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This Rapid Gender Analysis, carried out by UN Women and CARE International, seeks to draw attention to the gender dynamics in the humanitarian crisis resulting from the war in Ukraine. It also proposes recommendations for humanitarian leadership, actors, and donors to ensure consideration of the gendered dimensions of risk, vulnerability, and capabilities in response to this crisis.
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The document examines good practices and defines models of cooperation between media and multisectoral teams on domestic violence.
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Research on media reporting on gender-based violence against women in Bosnia and Herzegovina in 2020 aims to show the characteristics of media reporting on this topic.
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The Compendium covers the work of the UN Women Bosnia and Herzegovina over the past five years in working with the media, assessing their needs and capacities, and strengthening their role in preventing violence against women and girls and domestic violence.
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The training intended to build the capacity of actors working with the 3RP in Turkey to incorporate gender perspectives into programming and policies. The training was organized by UN Women, with financial contributions from the government of the EU, Government of Japan, Iceland and Sweden.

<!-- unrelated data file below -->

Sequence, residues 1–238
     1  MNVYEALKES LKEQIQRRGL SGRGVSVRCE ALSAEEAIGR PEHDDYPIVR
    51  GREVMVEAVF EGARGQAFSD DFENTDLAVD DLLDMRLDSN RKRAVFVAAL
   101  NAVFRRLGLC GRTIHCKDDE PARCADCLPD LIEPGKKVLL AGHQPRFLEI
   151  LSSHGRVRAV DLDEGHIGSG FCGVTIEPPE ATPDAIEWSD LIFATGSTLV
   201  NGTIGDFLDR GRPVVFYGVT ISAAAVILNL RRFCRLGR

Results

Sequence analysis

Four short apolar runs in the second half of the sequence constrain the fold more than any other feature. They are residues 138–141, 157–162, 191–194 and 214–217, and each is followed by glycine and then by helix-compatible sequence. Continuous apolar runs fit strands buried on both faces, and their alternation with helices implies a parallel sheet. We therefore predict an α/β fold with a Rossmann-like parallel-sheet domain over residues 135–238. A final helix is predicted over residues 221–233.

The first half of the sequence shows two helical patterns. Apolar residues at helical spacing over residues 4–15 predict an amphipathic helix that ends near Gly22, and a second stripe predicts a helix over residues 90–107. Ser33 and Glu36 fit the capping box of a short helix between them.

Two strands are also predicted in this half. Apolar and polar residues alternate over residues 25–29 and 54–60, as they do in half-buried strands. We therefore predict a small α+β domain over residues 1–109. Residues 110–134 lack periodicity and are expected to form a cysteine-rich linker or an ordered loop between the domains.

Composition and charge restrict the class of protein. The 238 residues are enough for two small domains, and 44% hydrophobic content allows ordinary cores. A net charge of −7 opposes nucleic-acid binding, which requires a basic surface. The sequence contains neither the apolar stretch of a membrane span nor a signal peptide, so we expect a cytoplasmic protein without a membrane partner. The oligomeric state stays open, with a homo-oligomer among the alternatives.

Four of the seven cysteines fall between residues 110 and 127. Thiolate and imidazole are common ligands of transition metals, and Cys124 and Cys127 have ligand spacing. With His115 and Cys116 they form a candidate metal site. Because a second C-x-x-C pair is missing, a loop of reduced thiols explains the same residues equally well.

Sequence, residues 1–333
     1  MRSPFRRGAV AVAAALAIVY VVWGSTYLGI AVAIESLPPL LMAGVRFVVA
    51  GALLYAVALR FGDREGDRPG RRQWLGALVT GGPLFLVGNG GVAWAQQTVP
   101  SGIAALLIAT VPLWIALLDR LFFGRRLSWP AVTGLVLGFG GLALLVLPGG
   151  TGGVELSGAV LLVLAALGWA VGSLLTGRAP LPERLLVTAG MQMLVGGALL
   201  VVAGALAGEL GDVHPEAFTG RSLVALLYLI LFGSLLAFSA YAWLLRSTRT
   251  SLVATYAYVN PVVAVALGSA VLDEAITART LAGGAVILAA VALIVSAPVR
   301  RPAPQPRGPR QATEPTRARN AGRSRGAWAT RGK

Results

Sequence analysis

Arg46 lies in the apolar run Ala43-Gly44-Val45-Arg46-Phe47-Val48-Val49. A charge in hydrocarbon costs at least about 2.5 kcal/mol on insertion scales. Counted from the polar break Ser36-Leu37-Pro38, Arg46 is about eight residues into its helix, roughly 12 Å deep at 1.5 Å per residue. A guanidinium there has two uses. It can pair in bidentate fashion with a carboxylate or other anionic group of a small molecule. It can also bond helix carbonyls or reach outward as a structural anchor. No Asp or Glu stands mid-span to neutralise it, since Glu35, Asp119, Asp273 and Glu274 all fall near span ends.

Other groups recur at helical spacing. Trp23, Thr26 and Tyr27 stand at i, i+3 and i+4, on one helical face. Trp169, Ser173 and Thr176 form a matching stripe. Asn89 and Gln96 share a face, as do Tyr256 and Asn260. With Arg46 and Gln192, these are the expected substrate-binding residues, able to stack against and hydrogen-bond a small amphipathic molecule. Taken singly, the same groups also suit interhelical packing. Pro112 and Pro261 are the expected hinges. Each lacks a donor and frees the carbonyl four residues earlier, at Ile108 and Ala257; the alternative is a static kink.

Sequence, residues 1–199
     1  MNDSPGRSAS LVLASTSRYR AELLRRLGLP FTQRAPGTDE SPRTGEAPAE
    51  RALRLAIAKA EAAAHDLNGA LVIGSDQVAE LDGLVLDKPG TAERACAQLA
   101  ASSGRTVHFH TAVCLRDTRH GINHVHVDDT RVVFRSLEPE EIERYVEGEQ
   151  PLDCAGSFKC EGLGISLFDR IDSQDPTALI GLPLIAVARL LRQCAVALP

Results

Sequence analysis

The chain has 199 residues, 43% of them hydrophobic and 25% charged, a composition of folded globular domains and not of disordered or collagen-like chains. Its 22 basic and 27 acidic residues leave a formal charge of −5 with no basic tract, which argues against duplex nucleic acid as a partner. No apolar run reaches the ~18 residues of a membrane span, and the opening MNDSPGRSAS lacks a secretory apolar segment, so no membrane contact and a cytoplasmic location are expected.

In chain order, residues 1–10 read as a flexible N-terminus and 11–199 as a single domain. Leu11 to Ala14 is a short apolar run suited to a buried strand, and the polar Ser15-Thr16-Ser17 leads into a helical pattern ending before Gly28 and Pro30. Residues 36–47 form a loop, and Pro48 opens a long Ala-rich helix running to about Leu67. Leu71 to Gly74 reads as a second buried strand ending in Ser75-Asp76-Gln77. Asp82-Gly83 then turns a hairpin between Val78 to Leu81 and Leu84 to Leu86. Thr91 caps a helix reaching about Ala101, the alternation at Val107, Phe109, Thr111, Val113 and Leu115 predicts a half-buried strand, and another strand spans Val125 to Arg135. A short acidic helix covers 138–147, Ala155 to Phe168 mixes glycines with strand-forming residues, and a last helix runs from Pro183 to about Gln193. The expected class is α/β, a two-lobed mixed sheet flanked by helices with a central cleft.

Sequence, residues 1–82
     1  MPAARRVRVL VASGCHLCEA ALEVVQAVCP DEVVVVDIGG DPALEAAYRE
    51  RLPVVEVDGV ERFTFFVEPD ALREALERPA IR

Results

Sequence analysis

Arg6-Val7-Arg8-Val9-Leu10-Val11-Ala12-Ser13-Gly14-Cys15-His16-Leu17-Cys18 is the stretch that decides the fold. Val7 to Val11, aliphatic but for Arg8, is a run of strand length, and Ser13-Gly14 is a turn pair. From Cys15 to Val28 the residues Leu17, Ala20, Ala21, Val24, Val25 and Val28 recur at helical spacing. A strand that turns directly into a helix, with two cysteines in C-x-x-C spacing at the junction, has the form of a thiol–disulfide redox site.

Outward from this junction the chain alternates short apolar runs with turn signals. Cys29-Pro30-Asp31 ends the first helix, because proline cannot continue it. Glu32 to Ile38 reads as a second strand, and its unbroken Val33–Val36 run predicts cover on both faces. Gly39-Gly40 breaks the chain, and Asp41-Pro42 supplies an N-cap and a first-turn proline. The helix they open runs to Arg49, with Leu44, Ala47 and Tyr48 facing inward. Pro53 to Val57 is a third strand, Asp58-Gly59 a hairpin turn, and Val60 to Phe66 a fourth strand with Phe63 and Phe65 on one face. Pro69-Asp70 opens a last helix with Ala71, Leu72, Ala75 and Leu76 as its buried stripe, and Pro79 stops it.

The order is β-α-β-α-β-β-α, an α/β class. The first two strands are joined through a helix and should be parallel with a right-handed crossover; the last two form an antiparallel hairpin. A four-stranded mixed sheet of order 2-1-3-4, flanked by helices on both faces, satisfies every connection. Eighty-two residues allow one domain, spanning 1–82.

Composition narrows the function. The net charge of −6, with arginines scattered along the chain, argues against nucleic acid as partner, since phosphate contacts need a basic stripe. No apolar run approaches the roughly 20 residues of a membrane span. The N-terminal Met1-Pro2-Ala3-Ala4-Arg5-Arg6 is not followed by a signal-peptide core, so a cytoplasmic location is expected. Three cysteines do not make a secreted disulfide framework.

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This assessment was conducted from March to June 2020 in cooperation with TUSIAD, TURKONFED and UN Women Turkey to gain insights into the potential gendered effects of the COVID-19 pandemic on the private sector, and to contribute to the development of policies to safeguard gender equality.
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This brief offers a glimpse at how UN Women makes a difference in Europe and Central Asia to ensure women's participation in peace and security and humanitarian action by cooperating closely with an array of national and international actors.
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This study provides insights into the Government of Albania’s actions and the measures it took to comply with its Istanbul Convention obligations and meet the Convention’s standards for services to gender-based and domestic violence survivors. It assesses the national resources required to meet Albania’s Convention obligations for services to prevent and combat violence against women, and describes existing services to better understand the Government’s funding allocations to meet those requirements.
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A analysis of the economic costs to implement Albanian legislation against domestic violence, this study aims to help improve government domestic violence protection and prevention services delivery to victims. It hopes to raise awareness of the social costs of domestic violence and thereby promote domestic violence prevention and protection services.